Journal of Immunology Research

Journal of Immunology Research / 2004 / Article
Special Issue

Organ Specific Immunopathology

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Volume 11 |Article ID 371424 |

Alexander J. Szalai, "C-Reactive Protein (CRP) and Autoimmune Disease: Facts and Conjectures", Journal of Immunology Research, vol. 11, Article ID 371424, 6 pages, 2004.

C-Reactive Protein (CRP) and Autoimmune Disease: Facts and Conjectures


C-reactive protein (CRP) is a blood component comprised of five identical subunits with a combined molecular mass of 110 kDa; in the presence of Ca++ it binds phosphocholine (PC) with high affinity. Ligand-bound CRP activates complement and the protein reportedly binds various Fc receptors. Coincident with a now decade-long resurgence in clinical interest in associations of CRP with disease, our laboratory has been investigating the biology of CRP in vivo using human CRP transgenic mice (CRPtg). At that time we confirmed that CRP affects a host defense function mediated at least in part through the elimination of pathogens. Less appreciated and not as well understood as CRP's ability to bind antigen and aid in the elimination of microbes, is its known ability to bind autoantigens and presumed capacity to promote clearance of apoptotic cells. These latter properties of CRP have long been suspected to contribute to homeostasis and to autoimmune disease. In this article we review and update the evidence generated in CRPtg by our group and in vitro by others' that indicates CRP is more than just an antimicrobial molecule and convenient marker of inflammation - rather, it protects against autoimmunity. A mechanistic hypothesis is presented to account for this cause-and-effect relationship.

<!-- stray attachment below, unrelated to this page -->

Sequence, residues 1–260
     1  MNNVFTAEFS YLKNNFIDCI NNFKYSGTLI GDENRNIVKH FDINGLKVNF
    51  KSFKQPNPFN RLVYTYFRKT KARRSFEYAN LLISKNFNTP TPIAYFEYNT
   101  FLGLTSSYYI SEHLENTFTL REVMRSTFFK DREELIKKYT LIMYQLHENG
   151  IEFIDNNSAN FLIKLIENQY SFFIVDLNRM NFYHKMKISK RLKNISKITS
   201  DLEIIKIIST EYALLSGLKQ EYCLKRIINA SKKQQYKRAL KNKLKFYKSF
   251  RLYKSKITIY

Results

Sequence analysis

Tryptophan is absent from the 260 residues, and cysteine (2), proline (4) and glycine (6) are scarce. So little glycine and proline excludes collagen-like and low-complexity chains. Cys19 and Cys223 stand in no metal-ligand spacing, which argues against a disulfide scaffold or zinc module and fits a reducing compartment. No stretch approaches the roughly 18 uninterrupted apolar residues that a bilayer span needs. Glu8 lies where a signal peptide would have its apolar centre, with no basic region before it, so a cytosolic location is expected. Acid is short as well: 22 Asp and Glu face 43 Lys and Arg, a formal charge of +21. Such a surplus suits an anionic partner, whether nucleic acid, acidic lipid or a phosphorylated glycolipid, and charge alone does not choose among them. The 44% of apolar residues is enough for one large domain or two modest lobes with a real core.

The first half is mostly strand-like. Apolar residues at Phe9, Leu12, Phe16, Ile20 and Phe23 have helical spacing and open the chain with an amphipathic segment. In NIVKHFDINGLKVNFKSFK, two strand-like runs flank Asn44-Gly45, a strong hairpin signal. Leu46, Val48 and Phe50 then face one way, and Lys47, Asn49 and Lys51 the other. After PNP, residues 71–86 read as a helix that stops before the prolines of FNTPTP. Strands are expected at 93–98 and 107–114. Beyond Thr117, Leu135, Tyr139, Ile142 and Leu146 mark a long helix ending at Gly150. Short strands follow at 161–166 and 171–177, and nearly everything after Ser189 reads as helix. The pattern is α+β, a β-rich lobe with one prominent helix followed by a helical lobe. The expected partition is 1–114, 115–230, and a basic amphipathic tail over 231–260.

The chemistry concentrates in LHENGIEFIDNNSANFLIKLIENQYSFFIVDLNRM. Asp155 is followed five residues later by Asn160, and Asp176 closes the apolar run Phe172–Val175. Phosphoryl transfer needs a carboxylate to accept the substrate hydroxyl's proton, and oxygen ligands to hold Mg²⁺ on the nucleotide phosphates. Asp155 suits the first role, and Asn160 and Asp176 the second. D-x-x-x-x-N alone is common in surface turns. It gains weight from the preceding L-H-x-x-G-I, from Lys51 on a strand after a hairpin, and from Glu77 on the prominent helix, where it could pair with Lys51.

Copyright © 2004 Hindawi Publishing Corporation. This is an open access article distributed under the Creative Commons Attribution License, which permits unrestricted use, distribution, and reproduction in any medium, provided the original work is properly cited.

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